1997-98 William F. Quillian, Jr., Visiting International Professor Slavenka Drakulic spoke March 30
3/24/2005 10:05:58 AM
LYNCHURG — An internationally acclaimed Croatian journalist and novelist returned to R-MWC March 30 for a reading of her most recent book.
Slavenka Drakulic, the 1997-98 William F. Quillian, Jr. Visiting International Professor, read from "They Would Never Hurt a Fly — War Criminals on Trial at The Hague" during the event. The free reading was open to the public and was held in the Alice Ashley Jack Room at 8 p.m. A reception followed.
Drakulic, a journalist and novelist, emigrated from Croatia in the early 1990s for political reasons. She has written for various newspapers and magazines across the world, but is perhaps most well-known for her recent works dealing with the Yugoslav wars.
In They Would Never Hurt a Fly, she observed proceedings at the War Crimes Tribunal in The Hague for five months, following people such as Slobodan Milosevic and Biljana Plavsic. Her account makes the reader look twice at the Balkan Wars and the horrors that occurred to the people of her country.
The book won the Leipzig Book Prize for European Understanding.
Four of her novels and five of her non-fiction books have been translated into more than 20 languages. At the heart of her writing is 12 years of attempting to understand and share the horrors of the Balkan Wars.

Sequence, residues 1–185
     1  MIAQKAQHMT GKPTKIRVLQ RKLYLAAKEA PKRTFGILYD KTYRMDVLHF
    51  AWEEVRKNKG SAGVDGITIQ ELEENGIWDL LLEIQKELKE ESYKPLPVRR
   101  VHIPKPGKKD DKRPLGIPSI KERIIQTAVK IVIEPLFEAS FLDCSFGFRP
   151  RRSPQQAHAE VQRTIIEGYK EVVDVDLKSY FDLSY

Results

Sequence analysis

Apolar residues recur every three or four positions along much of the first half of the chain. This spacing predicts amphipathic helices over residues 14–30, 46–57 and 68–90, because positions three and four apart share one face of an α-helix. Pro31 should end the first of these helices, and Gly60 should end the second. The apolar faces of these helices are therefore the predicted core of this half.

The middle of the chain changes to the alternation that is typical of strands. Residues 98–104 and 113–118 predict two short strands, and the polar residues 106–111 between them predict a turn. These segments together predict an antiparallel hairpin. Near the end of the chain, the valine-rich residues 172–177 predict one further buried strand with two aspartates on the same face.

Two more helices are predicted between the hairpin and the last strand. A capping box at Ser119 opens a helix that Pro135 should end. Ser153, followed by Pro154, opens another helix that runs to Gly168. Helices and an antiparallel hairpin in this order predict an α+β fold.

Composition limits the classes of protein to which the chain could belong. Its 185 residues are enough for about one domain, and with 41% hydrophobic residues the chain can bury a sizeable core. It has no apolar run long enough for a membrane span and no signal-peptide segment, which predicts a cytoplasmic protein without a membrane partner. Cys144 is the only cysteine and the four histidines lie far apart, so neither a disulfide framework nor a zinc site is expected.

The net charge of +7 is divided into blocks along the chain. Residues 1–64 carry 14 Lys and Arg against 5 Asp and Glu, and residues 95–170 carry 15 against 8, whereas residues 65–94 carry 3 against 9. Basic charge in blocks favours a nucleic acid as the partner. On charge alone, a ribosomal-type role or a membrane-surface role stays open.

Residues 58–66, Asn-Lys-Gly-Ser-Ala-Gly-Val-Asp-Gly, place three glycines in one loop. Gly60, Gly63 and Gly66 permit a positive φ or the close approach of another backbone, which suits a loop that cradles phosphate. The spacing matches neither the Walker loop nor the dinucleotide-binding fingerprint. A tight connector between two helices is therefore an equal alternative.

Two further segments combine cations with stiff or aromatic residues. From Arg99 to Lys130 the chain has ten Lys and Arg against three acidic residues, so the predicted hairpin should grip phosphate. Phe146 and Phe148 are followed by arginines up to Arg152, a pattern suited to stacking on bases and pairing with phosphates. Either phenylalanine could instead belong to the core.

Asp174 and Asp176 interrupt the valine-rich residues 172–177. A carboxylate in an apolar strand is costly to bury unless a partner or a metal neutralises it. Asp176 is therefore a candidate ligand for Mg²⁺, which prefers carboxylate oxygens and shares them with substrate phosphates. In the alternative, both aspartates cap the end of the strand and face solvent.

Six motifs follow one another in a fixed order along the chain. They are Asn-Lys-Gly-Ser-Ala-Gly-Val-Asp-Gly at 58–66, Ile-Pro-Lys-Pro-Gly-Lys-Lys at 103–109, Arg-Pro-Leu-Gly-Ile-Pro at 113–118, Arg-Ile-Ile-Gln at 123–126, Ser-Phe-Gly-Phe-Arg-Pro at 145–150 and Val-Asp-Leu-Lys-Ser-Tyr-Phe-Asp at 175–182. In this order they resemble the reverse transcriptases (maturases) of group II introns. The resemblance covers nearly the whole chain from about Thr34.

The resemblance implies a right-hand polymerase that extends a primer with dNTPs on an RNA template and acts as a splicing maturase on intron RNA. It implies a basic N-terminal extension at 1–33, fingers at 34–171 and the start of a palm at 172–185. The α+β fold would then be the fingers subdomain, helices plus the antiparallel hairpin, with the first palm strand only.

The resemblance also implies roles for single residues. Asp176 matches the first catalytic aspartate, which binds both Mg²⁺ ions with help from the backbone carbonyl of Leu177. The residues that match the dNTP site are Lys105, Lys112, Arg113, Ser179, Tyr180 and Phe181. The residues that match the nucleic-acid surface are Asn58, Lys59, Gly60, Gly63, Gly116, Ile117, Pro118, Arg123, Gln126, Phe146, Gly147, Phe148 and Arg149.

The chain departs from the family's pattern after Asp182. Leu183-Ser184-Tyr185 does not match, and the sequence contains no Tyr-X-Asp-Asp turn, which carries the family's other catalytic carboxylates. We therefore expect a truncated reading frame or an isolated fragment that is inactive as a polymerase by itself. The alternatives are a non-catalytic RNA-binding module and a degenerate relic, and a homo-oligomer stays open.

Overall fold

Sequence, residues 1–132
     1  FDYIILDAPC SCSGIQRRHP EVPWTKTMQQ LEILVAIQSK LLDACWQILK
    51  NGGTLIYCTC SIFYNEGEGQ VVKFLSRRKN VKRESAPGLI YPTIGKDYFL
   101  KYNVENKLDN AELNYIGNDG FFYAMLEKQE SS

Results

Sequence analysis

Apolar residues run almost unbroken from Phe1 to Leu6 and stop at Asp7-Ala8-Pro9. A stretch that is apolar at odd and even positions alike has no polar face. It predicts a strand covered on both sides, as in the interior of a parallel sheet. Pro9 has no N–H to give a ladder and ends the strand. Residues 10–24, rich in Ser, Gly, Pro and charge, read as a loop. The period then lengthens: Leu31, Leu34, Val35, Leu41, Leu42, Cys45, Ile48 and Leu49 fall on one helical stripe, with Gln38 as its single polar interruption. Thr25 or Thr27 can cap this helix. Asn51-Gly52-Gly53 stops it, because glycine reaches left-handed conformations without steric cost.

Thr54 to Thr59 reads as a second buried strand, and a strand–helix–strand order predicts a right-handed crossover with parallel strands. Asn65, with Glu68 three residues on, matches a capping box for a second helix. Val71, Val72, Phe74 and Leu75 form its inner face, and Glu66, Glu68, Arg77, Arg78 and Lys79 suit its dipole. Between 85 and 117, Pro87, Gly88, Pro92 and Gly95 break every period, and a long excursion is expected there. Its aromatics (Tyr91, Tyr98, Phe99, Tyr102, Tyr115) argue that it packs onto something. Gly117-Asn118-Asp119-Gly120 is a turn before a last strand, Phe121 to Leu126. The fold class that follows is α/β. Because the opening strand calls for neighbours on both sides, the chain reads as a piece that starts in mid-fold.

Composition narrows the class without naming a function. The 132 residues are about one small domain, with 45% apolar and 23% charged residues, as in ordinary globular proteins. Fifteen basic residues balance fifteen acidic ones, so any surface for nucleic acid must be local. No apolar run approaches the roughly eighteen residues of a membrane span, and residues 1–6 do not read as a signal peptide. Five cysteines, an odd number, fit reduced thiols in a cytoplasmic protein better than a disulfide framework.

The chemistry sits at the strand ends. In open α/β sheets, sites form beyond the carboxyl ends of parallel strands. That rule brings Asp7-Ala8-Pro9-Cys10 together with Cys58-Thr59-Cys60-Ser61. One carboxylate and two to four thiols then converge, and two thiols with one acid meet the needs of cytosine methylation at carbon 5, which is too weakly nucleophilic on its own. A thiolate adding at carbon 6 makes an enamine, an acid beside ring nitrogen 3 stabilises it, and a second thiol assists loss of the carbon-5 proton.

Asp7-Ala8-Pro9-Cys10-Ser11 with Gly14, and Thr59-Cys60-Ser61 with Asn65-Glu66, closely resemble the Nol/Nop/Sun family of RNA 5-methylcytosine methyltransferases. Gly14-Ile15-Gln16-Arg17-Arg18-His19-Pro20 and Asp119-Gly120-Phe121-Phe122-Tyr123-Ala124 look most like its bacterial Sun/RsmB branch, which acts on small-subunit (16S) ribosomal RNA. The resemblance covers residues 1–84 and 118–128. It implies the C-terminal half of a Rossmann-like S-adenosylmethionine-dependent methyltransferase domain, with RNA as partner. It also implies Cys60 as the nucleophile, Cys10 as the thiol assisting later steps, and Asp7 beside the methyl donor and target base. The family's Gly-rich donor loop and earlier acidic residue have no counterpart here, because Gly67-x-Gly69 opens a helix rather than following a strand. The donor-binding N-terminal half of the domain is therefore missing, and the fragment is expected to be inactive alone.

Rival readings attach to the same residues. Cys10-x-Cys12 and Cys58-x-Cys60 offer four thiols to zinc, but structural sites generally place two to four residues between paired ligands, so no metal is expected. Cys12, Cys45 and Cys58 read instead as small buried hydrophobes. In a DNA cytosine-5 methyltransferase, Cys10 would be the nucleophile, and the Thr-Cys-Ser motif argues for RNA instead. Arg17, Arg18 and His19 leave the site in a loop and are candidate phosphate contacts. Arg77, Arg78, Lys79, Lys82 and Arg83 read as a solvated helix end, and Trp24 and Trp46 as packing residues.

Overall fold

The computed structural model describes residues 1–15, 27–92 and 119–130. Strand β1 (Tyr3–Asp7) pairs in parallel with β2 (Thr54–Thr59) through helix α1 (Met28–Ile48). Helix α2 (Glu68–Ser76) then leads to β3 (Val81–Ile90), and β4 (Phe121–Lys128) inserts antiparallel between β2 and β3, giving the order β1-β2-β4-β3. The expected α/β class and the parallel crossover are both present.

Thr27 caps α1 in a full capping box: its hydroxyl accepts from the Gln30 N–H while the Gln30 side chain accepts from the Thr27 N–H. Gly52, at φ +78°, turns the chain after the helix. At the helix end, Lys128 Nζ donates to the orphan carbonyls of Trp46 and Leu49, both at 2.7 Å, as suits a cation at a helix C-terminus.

Drakulic’s works have won praise from literary critics.
Among those, the Library Journal wrote, “Acclaimed Croatian writer Drakulic has captured the parodies of the Balkan region through commentary (Caf Europa) and fiction (S: A Novel About the Balkans). Her latest, a collection of essays about the Balkan war criminals on trial in The Hague, follows her tradition of taking the historical personally in an effort to reach the underlying truth. And no matter how elusive the truth may be and whether one agrees with her conclusions, Drakulic succeeds fully in making us think twice about the causes of war crimes and their frightening commonness. Devoting a chapter to each criminal (e.g., Slobodan Milosevic, Ratko Mladic), Drakulic probes past and present with a determination that climaxes in the forceful last chapter, “Why We Need Monsters.” The lesson learned is that “only if we understand that most perpetrators are people like us can we see that we too might one day be in danger of succumbing to the same kind of pressure.” Drakulic is to be commended for drawing our attention to these trials, especially as many Americans struggle to rationalize the recent actions of their soldiers in Iraq.”
Drakulic was born in Rijeka in 1949 in what was then Yugoslavia, now Croatia. She graduated in comparative literature and sociology from the University in Zagreb in 1976.
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